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Former Piston Luke Kennard gets four-year, $64 million extension from Clippers

Pistons probably knew what it would take to retain Luke and decided to move on

NBA: Preseason-Utah Jazz at Los Angeles Clippers Robert Hanashiro-USA TODAY Sports

Luke Kennard got paid, and the number of zeros on his future checks are likely why he is no longer wearing a Pistons uniform. Kennard agreed to a four-year, $64 million extension with the Los Angeles Clippers on Monday, according to reports.

That $16 million average annual value was not something the Pistons were interested in paying to secure the 3-point shooting threat as he enters his age 24-27 seasons. It might also hint at why interest in Kennard on the trade market was somewhat tepid.

I know you’re not allowed to negotiate deals in advance or with other teams (wink, wink), but if organizations somehow miraculously knew what kind of deal Kennard’s agents were looking for as he entered restricted free agency, and what it would take for him to sign his extension early, well, not a lot of teams were willing to fork over that kind of cash — including Detroit.

Kennard for one season before losing him in restricted free agency isn’t super valuable, and a team might require some enticement (let’s say four future second-round picks) in order to give up a first and be willing to break the bank for a player who has been bitten a bit by the injury bug lately.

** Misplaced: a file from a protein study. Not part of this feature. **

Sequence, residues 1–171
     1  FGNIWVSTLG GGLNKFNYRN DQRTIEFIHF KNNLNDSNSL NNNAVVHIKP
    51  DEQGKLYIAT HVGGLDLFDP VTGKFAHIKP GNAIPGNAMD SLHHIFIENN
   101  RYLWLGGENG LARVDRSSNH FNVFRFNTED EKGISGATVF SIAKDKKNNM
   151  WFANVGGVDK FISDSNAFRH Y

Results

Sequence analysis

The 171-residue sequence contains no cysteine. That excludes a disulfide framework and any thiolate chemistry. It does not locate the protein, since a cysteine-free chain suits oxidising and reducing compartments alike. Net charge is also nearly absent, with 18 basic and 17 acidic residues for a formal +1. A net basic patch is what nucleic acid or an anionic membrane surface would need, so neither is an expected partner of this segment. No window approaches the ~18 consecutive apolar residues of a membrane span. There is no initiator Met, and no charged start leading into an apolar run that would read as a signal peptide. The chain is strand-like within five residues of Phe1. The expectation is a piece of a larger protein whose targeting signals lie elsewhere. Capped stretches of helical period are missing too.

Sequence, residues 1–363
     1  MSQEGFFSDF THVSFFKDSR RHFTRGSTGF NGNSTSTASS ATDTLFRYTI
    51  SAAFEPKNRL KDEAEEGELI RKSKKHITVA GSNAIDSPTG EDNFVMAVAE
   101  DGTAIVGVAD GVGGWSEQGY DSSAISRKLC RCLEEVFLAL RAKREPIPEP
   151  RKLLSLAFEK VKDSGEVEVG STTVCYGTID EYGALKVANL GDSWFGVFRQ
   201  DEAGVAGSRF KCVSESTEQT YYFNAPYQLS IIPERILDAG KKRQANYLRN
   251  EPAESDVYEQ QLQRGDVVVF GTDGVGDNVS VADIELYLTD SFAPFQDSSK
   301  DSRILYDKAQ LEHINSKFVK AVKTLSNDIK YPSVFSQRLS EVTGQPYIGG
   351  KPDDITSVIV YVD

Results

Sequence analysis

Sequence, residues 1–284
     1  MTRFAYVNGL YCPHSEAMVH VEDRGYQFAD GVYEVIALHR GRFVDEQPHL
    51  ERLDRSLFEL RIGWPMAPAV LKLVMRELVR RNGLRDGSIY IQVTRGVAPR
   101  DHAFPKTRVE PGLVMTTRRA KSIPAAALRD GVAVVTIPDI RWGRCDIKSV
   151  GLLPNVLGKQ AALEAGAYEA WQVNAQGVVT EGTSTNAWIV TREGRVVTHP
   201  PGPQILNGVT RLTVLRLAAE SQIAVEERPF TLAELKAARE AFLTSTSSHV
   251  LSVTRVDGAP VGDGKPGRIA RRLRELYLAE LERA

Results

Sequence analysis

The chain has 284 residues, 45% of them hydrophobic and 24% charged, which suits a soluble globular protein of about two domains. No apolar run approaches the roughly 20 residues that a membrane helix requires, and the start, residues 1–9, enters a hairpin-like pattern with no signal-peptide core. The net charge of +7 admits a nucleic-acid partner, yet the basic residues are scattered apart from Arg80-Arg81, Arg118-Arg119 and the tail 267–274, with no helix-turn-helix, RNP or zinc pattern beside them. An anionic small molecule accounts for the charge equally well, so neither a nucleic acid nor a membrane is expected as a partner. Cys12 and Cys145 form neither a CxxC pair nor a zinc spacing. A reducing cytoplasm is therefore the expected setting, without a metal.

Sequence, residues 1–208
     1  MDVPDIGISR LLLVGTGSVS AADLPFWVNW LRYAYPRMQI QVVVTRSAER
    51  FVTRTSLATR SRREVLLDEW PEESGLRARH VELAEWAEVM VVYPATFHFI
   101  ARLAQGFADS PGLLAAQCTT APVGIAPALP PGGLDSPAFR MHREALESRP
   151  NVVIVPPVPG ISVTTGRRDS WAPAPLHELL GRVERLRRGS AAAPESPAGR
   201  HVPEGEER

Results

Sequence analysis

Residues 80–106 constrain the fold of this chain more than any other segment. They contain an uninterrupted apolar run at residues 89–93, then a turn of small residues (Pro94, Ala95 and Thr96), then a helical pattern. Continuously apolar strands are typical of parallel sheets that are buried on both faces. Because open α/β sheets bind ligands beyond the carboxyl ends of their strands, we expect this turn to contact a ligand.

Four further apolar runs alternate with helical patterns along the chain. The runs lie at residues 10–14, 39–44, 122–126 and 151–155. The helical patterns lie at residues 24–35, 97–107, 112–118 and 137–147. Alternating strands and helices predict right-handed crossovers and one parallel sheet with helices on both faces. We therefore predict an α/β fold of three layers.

The Clippers, with championship aspirations and the endless pockets of Steve Ballmer were willing to step up to the plate and give Kennard the money he was seeking, and now the Clippers get to enjoy Luke’s underrated shooting and playmaking for the next four season — if he stay’s healthy.

Will those knees hold up? Nobody knows, but if injuries do derail Kennard it’d be a mere speed bump for a team like the Clippers whereas it’d be a somewhat catastrophic predicament for most other teams, the Pistons included.

That’s not to hand wave away the decision to trade Kennard as opposed to extending him. I think Kennard, defensive limitations and injury concerns and all, is worth that kind of investment. He’s a great shooter, the ball doesn’t stick in his hands, he’s a great cutter and can work as a secondary ball-handler on the floor. Those are all must-haves in today’s NBA.

This is the obligatory part where I acknowledge that I tweeted about Luke Kennard and compared him to Tyler Herro and people are ...... skeptical, to say the least.

But, really, we’re talking about talent and not value. Herro, at his age, with his upside, and his years of future team control is super valuable. And he COULD turn into a really, really good NBA player. But for all the hype, he only had a middling rookie season as a shooter. Herro = overrated. Kennard = underrated. I wanted to point that out, and we’ll see how many days I’ll have to be dealing with the fallout.

But I’m happy for Kennard. He might not be Donovan Mitchell. Maybe Herro surpasses him as early as this season. But he’s really good, and I think playing for the Clippers a hell of a lot more people will notice.